Utah GOP approves anti-Count My Vote resolution


SANDY, Utah (AP) — Utah Republicans have approved a resolution supporting a pushback against newly approved changes to the process political parties use to nominate candidates for office.

At the party’s nominating convention in Sandy on Saturday, chairman James Evans ruled the measure passed when a majority of GOP delegates held up their event passes to indicate their votes in support.

In March, Gov. Gary Herbert signed legislation overhauling the state’s relatively unique caucus and convention system by allowing candidates to bypass that system entirely.

The current system allows candidates to avoid a primary election if they win their party’s nominations with 60 percent of delegate votes.

The new law, which is scheduled to take effect next year, allows candidates who gather enough signatures to instead directly compete in a primary election.

The law was a compromise reached with a group of prominent Republicans who pushed to change the system. The group, called Count My Vote, argued that the caucus system is difficult to participate in and results in extremist candidates.

Count My Vote triggered the compromise by gathering signatures for an initiative petition that would have let voters decide to abandon the caucus system entirely this November. As part of the compromise, Count My Vote agreed to halt the initiative petition.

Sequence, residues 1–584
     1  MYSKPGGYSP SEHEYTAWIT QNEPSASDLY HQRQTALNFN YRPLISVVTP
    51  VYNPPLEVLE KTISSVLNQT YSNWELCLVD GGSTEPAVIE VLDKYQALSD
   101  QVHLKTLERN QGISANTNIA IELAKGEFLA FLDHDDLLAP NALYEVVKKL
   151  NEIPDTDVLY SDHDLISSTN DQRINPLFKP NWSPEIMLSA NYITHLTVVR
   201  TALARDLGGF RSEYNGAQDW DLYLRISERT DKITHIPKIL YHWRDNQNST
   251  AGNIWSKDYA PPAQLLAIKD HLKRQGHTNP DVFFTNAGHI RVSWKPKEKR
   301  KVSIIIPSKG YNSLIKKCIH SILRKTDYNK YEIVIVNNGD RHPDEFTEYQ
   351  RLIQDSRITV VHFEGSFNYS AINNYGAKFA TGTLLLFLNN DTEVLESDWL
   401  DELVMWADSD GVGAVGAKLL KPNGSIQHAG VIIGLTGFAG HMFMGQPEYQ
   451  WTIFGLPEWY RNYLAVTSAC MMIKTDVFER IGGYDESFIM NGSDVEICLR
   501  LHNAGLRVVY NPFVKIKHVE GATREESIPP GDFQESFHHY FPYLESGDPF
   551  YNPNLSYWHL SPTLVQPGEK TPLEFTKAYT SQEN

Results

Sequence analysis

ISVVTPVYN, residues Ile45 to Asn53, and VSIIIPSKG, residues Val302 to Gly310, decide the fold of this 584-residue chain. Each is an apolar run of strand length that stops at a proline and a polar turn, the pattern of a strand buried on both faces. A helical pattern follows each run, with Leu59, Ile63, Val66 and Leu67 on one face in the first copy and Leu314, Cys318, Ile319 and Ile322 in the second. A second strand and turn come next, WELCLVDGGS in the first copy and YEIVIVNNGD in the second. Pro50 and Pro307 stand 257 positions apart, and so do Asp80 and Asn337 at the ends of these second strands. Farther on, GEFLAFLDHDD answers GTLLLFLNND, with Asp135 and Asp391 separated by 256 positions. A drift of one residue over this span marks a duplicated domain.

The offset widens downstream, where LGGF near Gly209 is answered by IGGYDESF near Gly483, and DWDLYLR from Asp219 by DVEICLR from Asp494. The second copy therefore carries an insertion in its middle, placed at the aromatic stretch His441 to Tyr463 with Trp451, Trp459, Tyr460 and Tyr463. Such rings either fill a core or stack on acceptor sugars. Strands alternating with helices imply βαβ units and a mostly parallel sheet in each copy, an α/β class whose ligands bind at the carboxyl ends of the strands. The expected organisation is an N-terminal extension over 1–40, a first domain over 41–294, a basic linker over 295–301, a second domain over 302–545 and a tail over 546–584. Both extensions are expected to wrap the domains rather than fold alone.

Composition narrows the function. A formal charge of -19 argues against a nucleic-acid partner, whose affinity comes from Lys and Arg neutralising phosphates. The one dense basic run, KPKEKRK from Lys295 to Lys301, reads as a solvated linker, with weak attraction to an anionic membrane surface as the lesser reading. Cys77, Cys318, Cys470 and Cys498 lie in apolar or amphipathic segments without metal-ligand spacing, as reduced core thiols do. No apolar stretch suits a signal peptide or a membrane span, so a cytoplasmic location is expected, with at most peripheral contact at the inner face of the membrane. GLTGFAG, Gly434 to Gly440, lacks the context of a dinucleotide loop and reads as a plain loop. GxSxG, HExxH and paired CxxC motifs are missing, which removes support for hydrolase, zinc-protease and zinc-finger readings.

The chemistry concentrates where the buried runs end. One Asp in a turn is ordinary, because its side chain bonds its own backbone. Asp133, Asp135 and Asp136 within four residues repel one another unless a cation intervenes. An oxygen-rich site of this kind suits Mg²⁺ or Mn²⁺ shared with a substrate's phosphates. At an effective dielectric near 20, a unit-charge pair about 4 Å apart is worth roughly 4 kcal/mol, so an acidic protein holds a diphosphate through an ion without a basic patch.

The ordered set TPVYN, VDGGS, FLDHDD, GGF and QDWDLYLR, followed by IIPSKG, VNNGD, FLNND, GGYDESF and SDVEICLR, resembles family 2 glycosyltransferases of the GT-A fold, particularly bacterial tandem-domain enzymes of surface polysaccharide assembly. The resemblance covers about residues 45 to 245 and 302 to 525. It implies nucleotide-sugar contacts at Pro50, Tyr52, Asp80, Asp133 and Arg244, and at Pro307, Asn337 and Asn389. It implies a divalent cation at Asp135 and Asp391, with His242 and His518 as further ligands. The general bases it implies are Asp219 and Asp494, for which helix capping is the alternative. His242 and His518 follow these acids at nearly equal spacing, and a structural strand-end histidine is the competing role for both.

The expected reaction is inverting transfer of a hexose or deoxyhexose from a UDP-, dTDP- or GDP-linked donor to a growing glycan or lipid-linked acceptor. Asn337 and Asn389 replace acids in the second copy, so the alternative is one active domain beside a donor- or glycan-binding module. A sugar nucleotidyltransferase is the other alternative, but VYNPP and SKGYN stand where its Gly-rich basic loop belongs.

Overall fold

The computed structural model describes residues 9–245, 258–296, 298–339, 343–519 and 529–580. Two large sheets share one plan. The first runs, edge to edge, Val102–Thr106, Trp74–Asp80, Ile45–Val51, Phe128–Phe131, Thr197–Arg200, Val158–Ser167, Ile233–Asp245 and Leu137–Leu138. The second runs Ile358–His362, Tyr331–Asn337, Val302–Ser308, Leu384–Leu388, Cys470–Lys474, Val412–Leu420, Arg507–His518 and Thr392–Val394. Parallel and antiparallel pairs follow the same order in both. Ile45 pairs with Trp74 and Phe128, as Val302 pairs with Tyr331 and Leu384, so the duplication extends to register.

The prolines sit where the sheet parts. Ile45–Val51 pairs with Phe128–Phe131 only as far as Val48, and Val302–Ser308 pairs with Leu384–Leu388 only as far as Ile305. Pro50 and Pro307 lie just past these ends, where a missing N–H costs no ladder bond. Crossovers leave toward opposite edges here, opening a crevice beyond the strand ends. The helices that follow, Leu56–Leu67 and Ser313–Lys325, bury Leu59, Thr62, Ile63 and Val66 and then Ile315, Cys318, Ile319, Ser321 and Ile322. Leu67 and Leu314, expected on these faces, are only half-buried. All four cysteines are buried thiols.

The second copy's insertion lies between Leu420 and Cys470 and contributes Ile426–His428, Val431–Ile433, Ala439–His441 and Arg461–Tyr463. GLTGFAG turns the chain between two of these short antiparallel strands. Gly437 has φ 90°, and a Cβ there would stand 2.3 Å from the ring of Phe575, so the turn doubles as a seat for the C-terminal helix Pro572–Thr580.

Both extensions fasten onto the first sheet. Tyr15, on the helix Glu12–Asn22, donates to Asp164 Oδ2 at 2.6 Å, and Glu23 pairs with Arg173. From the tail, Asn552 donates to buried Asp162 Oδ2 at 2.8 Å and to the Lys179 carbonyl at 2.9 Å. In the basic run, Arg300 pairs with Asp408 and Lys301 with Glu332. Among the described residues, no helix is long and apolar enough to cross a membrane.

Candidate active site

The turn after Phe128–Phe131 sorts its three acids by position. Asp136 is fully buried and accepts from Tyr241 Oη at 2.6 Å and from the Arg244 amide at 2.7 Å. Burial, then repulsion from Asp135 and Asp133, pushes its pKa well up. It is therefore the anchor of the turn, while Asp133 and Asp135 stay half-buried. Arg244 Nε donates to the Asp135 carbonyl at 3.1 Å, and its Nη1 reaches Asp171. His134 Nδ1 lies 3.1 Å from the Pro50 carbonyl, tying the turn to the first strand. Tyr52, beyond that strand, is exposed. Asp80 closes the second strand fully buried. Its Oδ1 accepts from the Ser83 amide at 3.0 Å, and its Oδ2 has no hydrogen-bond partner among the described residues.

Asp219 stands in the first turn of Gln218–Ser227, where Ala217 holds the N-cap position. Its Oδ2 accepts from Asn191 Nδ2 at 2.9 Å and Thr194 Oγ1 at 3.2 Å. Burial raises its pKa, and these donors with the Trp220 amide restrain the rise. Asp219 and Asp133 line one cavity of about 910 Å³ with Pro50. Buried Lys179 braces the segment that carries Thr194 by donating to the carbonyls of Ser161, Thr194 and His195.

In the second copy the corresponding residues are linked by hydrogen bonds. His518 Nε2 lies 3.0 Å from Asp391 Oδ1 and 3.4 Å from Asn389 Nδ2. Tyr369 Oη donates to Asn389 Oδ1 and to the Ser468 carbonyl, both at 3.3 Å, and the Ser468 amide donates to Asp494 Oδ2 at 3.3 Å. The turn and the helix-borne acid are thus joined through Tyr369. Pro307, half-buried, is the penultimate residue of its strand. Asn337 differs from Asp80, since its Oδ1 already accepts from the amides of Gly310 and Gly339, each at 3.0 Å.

The new system gives Utah a dual-track for nominating political candidates, similar to the process in Colorado, Connecticut and New Mexico.

Evans has said the Republican Party believes it should have the right to decide how it picks candidates and is exploring whether to take legal action against the state.

On Saturday, Evans said the party’s pushback against the effort is “underway,” and a fight could involve political or legal tactics, but shied away from offering further details.

Utah’s Democratic Party, which is in the minority in the state, has remained neutral.

Supporters of the caucus system argue that it requires politicians to win over delegates in person rather than relying on fundraising and campaign advertisements.

The changes, which start to take effect in 2015, means this year’s convention could be the last time Utah’s political parties use the caucus and convention system to pick candidates.


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